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Rafael De Clercq
Ezio Di Nucci
Jack Alan Reynolds
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In Susan Schneider & Max Velmans (eds.), Companion to Consciousness. Blackwell (2007)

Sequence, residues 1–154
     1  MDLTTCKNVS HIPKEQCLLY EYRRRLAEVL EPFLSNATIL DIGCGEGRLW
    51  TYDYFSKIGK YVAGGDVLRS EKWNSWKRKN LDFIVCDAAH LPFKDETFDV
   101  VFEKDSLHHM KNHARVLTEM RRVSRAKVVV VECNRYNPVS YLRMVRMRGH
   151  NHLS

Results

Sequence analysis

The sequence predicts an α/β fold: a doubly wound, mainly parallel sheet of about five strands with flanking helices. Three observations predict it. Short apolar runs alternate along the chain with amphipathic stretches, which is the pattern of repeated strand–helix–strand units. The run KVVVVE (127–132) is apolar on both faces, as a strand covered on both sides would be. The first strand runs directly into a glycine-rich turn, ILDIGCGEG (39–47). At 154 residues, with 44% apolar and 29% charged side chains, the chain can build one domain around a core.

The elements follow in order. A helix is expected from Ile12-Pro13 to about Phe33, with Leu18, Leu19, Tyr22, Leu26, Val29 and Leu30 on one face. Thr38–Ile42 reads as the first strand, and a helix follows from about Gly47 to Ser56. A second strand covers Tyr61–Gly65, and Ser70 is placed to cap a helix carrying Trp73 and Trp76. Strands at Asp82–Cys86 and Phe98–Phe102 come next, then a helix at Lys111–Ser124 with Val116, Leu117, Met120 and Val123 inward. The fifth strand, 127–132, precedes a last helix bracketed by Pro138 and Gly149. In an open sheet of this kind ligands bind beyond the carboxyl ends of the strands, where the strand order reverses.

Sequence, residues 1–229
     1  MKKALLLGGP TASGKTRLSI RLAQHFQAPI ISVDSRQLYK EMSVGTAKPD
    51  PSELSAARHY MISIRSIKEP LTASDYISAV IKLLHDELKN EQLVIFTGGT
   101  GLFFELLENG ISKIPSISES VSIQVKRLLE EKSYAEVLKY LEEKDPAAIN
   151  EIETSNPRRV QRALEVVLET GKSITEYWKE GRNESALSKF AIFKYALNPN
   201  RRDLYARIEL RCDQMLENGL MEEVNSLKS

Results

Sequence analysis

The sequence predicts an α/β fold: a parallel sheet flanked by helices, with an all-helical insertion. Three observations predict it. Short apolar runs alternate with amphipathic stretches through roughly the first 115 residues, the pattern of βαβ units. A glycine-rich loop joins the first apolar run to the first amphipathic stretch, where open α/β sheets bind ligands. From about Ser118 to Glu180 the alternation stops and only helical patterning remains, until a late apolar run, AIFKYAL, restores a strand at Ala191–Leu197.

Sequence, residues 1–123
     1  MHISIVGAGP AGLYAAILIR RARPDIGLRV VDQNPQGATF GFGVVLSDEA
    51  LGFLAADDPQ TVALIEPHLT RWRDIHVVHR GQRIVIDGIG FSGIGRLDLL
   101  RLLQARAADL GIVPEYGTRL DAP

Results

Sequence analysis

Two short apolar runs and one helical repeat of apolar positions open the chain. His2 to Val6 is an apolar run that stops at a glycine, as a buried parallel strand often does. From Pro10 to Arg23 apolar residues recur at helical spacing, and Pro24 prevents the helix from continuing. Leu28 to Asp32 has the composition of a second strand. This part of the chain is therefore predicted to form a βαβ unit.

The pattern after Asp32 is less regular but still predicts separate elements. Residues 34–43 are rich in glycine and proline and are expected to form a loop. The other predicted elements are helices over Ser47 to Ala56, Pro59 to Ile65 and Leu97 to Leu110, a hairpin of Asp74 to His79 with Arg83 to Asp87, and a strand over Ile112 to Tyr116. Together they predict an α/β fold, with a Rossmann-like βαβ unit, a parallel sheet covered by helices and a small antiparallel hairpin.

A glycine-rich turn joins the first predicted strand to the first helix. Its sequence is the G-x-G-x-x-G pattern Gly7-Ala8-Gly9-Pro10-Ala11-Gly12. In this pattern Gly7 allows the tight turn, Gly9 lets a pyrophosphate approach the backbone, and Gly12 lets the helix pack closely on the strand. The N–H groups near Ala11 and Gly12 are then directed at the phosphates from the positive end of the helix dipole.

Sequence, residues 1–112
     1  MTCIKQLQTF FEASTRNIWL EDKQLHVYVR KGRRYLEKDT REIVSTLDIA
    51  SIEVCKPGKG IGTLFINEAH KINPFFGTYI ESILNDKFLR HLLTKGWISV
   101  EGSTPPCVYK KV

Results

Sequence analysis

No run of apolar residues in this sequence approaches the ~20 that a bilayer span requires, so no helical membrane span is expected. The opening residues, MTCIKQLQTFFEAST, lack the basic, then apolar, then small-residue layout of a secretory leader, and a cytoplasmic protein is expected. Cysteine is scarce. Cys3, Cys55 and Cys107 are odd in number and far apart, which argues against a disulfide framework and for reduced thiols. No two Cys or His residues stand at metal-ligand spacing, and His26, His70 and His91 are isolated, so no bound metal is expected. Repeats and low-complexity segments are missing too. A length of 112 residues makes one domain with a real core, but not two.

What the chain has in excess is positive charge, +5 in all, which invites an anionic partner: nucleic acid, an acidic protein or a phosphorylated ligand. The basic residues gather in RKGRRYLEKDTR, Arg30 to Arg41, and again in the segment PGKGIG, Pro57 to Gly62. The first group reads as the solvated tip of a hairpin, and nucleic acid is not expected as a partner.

Suppose that consciousness is a natural feature of biological organisms, and that it is a capacity or property or process that resides in a single organ. In that case there is a straightforward question about the consciousness organ, namely: How did the consciousness organ come to be formed and why is its presence maintained in those organisms that have it? Of course answering this question might be rather difficult, particularly if the consciousness organ is made of soft tissue that leaves at best indirect fossil records, or if it has been fixed in the populations for such a long time that there are few available examples of organisms that lack the consciousness organ on which to conduct comparative experiments. No doubt there are other confounding practical obstacles as well. But these are just the complications that face biologists and natural historians on a regular basis, and they do not reflect any special problems about the study of consciousness. This is just to say that if consciousness is a natural feature of biological organisms then its origins and history can be studied in the same manner as other features of the biological world. It’s a hard business, but biologists are pretty good at it
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